Chris Stiedemann of Poseidon Water looks over the giant filers that remove microscopic impurities from the seawater. Photo by Chris Jennewein

The San Diego County Water Authority is forecasting adequate supplies and expecting continued conservation efforts as California begins the 2018 water year on Sunday.

“Thanks to remarkably wet conditions last winter, the 2018 water year will begin with improved supply conditions at the water authority’s two imported water sources – the Colorado River and the Sierra Nevada,” the authority said in a statement.

In addition, the region can count on the Claude “Bud” Lewis Carlsbad Desalination Plant, and is prepared with high storage levels in many local reservoirs.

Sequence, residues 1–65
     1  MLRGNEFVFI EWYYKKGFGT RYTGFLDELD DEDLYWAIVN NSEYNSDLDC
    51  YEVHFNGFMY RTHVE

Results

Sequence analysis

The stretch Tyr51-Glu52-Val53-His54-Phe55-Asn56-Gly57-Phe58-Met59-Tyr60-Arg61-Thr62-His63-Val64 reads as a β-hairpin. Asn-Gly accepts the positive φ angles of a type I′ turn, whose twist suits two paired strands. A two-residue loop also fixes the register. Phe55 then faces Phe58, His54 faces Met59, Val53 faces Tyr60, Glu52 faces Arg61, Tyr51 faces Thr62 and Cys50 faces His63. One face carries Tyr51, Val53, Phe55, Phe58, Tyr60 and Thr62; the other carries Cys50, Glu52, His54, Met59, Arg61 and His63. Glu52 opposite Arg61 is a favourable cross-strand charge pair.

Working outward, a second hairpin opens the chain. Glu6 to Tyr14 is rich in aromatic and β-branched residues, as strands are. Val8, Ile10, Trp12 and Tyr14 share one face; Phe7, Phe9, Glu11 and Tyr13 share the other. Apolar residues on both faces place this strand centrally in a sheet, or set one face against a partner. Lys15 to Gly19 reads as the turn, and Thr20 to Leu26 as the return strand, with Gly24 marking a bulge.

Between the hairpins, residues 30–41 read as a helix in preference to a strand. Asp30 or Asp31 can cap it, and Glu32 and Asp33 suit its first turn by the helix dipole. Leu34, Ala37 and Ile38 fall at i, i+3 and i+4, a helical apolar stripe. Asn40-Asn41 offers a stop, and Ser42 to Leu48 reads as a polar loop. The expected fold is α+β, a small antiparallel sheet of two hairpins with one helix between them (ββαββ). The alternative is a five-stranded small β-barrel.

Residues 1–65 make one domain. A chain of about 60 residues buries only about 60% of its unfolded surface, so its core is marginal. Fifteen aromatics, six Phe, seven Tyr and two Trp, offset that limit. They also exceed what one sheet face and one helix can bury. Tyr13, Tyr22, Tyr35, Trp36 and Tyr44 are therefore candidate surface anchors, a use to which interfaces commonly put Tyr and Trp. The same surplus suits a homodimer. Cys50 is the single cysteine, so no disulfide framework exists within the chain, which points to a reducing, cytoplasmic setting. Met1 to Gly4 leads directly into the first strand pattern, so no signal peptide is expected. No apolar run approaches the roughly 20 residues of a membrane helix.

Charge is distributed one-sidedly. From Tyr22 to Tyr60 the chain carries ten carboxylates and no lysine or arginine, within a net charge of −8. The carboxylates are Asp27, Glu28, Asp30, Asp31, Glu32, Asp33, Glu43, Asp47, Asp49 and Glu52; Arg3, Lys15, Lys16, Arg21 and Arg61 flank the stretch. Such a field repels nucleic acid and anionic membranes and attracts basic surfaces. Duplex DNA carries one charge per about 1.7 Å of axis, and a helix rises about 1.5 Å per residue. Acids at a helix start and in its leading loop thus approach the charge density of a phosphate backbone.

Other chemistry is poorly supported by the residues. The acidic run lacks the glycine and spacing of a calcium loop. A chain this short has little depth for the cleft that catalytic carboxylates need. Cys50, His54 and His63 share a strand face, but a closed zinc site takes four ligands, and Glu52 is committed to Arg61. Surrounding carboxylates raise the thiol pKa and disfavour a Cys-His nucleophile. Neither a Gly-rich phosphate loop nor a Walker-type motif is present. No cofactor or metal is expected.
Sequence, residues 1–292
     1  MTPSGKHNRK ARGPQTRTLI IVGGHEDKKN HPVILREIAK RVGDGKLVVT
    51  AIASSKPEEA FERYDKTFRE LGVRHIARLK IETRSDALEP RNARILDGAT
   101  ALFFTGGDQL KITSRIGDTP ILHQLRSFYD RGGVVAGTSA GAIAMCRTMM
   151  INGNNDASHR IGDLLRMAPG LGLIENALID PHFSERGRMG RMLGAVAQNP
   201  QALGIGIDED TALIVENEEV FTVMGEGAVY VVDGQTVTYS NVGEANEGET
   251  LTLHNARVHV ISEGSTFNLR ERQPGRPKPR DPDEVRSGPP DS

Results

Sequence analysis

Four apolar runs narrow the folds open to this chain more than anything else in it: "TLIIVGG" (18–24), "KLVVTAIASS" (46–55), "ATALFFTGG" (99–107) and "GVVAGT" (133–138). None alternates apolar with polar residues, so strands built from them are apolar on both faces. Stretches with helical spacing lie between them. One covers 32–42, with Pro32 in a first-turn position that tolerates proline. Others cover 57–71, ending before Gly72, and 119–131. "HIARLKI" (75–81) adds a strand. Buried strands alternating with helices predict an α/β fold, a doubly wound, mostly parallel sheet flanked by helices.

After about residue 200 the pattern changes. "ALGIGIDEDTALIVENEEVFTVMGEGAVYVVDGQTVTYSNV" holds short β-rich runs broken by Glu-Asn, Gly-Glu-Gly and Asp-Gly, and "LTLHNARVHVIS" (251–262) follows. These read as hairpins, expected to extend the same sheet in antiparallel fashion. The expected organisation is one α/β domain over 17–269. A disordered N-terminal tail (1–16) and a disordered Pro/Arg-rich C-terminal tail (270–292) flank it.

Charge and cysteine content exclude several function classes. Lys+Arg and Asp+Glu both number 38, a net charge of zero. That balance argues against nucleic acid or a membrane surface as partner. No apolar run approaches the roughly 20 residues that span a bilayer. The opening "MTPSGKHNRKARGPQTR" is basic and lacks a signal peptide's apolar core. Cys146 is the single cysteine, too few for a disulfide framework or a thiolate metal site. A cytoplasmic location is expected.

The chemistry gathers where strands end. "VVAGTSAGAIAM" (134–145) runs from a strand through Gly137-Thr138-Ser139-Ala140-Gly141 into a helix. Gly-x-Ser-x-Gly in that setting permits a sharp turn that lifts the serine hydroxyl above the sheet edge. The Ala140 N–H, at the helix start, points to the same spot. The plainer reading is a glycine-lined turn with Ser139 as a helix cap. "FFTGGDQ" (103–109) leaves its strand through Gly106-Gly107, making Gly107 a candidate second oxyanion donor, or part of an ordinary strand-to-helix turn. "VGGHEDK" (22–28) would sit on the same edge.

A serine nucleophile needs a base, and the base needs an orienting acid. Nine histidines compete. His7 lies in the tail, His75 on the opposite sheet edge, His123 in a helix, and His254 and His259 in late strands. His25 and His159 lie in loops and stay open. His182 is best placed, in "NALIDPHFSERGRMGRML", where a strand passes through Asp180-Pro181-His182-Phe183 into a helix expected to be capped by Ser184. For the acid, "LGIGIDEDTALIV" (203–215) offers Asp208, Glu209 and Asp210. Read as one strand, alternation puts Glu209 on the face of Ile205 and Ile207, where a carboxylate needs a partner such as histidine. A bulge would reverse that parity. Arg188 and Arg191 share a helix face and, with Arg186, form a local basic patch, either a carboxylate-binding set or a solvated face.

More significantly, San Diegans are still conserving water on a widespread scale — nearly as efficiently as during the recent drought.

“Our region is doing an outstanding job of embracing a permanent water-saving ethic,” said Mark Muir, chair of the water authority board of directors. “Months after drought conditions and restrictions ended, San Diego County residents and businesses are sticking to their water-efficient practices, enabling water to be saved for future droughts or emergencies.”

The “water year” is defined by the U.S. Geological Survey based on river flows. It begins on Oct. 1 and ends on Sept. 30.

One concern for the water authority in the coming year is the weather. The national Climate Prediction Center sees an increasing chance of La Niña conditions in the Northern Hemisphere, which could lead to a drier winter in Southern California.

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